Brian Anderson: Now Houston is also booming, thanks, in large part, to its status as a global center of the energy economy.  But as you warn in your essay, Houston has significant problems looming.  Could you talk a little bit about those?

Aaron Renn: Well, with Houston it’s really been a very, very successful city because of its industry energy – energy industry – and that has led to Houston actually having pretty high incomes.  Not just, you know, cheap housing but also pretty high incomes.  I’ve seen at least one study that argues that Houston actually has the highest standard of living in the United States once you factor in the cost of living and the incomes.  But like anything that is concentrated in one industry, you are vulnerable to cyclical swings.  And now we’ve had, you know, tremendous declines in oil prices and so that has percolated through to the Dallas economy and also – I mean, excuse me, the Houston economy.  Also, like some cities, you know, like Chicago or like some California cities, Houston has acquired some pension issues.

Brian Anderson: Right.

Aaron Renn: And so they have large, unfunded pensions there that they are going to have to deal with.  And the City of Houston itself also has a lot of kind of low-grade, substandard infrastructure.  So, you know, Houston is not immune from challenges.

Brian Anderson: San Antonio, the third of these four metropolitan areas, is unique in many, many respects.  It is also doing very well but its makeup is different.  Could you elaborate a little bit on that?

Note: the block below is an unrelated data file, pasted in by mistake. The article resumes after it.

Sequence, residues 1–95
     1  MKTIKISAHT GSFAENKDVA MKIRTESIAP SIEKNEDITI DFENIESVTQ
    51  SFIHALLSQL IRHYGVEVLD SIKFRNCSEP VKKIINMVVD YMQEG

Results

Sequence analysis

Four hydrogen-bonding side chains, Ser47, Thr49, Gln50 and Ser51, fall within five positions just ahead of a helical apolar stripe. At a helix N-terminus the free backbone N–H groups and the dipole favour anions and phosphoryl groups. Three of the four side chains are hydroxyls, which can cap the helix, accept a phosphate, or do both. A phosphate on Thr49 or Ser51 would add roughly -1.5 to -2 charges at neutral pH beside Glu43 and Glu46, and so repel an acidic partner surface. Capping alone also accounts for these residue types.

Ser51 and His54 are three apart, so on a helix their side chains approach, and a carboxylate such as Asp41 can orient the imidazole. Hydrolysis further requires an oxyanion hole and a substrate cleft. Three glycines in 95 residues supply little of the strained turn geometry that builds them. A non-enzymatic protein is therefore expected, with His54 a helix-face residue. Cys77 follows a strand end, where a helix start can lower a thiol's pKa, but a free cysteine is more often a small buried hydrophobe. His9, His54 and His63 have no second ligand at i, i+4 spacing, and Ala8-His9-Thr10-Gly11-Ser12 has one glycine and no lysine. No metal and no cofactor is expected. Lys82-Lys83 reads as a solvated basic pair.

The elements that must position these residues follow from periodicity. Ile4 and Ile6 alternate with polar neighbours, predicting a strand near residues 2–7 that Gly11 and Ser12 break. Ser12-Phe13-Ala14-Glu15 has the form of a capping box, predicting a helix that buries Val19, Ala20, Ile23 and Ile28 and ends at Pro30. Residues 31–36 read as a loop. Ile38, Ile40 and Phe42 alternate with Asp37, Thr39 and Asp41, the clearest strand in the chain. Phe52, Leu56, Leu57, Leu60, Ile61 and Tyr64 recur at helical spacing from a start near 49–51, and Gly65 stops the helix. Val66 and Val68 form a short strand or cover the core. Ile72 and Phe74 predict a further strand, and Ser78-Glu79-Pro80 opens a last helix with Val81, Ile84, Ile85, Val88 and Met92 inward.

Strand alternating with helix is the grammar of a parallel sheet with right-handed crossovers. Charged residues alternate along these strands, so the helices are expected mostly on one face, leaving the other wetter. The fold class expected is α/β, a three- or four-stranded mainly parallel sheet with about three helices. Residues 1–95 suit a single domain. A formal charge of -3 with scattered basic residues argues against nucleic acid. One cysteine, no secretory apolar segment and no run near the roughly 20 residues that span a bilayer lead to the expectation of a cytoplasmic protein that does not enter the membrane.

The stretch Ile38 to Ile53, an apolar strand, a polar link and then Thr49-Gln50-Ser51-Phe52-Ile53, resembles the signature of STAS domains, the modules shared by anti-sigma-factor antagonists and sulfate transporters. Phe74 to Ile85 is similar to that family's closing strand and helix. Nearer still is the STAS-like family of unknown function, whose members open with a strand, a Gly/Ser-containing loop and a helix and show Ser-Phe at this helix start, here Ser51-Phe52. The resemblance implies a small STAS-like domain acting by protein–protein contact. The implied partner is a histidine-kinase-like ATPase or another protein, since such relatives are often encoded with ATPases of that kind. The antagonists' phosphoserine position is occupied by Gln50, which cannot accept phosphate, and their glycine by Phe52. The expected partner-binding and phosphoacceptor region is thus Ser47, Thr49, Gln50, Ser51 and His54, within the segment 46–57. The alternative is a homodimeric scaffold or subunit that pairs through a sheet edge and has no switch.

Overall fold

Aaron Renn: Sure.  Of major metropolitan areas in the U.S. with more than a million people, San Antonio has the highest share of Hispanic population and is the only one of those that is over half Hispanic.  The interesting thing about San Antonio, though, is that this Hispanic population is largely native born.  It has very, very deep-standing roots in the city going back to, really, it’s founding.  So it has been, effectively, a Latino city for a very long time.  San Antonio, in contrast with some of the other cities, has lower educational attainment in terms of college degrees, but it also has a huge military presence.  And so what we have seen is that the military has played a huge role in driving their economy and also helping to integrate Latinos into middle class success in America in a way that necessarily hasn’t happened in a lot of other places.  So Toyota located a major manufacturing plant there not long ago.  So they are actually, you know, they are actually, I think, having a better working class economy, although they are also growing some of their high-end business as well in terms of cybersecurity.  The military has a cybersecurity command there.  The NSA has a facility there.  There are some financial services around the military and medical training.  So, although it doesn’t get quite the cachet of an Austin, they’ve got their own high-tech stuff going but I think the real star of their story is the fact that they’ve been able to give so much good middle-class success to their Latino population.